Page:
door frame to win free pints of lager and pans of pizza. Then I’d stumble back to the Bahnhof Hotel and read Homer.
On the sixth day, the day I flew out, it was still snowing. But I didn’t fly home. I could have–should have, perhaps–but Homer had gotten to me.
Most people pitch Homer five seconds after taking the final exam. I did. At a certain age, however, you start thinking you might have learned something when you were young if you hadn’t already been so smart. I was rereading the Odyssey because it is arguably the world’s first novel, the original thriller, composed 700 years before the
birth of Christ. It’s also the seminal adventure book, chronicling the surreal travels and travails of an alpha adventurer, the hubristic yet humble Odysseus, who sails away from Ithaca to fight the good fight, sneaks into Troy and dismembers his enemies, blinds the Cyclops with a burning pole, has all-night sex with Calypso. But his most daring adventure is a visit to
Hades. Why did he go there? For answers only the underworld could provide, and for directions home. After years of sailing beyond the edge of the known world, Odysseus had lost his bearings.
Days of unconsummated mountain climbing are not unlike windless days at sea. You eventually grow weary and frustrated, and you also come up against questions that experience can’t answer. On the fifth day of snow in Zermatt I bought a map of Greece. Odysseus got answers when he visited the underworld. I thought the place might be worth a visit.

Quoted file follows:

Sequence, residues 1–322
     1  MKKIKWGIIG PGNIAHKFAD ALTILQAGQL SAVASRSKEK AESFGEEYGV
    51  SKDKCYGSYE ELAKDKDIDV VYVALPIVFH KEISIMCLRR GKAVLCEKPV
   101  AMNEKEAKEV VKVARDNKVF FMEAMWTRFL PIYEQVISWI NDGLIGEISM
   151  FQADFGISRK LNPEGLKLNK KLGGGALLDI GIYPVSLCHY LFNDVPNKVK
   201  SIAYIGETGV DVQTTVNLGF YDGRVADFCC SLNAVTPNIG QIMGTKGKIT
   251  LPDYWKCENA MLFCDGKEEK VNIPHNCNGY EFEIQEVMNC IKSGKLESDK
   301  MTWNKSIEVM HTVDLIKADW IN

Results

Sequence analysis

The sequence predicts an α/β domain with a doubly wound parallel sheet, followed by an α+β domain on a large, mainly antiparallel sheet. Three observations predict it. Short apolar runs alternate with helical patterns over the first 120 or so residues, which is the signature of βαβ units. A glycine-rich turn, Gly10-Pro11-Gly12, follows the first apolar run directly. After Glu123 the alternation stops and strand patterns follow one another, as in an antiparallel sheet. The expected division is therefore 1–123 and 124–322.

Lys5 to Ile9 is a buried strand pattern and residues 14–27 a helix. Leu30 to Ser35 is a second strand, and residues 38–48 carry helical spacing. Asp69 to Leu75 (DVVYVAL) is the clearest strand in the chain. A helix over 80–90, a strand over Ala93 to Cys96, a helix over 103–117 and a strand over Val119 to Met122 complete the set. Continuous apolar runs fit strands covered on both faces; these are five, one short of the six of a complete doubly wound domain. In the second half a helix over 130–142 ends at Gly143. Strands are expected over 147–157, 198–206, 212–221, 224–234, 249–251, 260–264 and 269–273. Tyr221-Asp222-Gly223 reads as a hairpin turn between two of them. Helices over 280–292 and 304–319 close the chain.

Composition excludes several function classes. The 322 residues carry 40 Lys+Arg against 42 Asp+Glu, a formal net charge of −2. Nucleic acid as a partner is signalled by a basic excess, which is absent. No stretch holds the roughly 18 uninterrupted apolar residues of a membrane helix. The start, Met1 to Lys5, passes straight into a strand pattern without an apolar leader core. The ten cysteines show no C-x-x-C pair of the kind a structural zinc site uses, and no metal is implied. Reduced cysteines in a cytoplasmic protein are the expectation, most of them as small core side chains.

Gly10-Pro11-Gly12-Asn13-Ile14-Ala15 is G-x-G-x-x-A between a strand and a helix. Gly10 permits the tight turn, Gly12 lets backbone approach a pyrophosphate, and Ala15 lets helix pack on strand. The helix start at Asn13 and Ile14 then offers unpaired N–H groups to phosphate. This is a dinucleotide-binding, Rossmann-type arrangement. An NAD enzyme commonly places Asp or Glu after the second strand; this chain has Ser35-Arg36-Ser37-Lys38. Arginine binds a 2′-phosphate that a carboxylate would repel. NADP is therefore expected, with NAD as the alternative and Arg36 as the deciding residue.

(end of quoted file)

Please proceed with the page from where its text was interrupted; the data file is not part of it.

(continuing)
Homer, like all learned Greeks, freely mixed geography and cosmology. Hence he was quite specific about the location of hell on Earth: It could be found at the confluence of the Ach‰ron, “river of pain,” the Pyriphlegethon, “blazing with fire,” and the Cocytos, “resounding with lamentation, which is a branch of the hateful water of the Styx.” Where the three
rivers merged there was a great stone, and beneath the stone, a cave–the entrance to the underworld.
I found the Ach‰ron on the map. Almost 3,000 years later and it was still right there, doglegging through the Pindus Mountains just south of the Albanian border.
Odysseus sailed to Hades; I flew. Nonetheless, my journey began as any proper trip to hell should. The plane sat on the tarmac for over an hour, with jet fuel fumes seeping into the cabin and passengers starting to faint. There was a heart attack on board somewhere over the Alps and the flight was diverted to Milan. We arrived in Athens a half-day late. Naturally I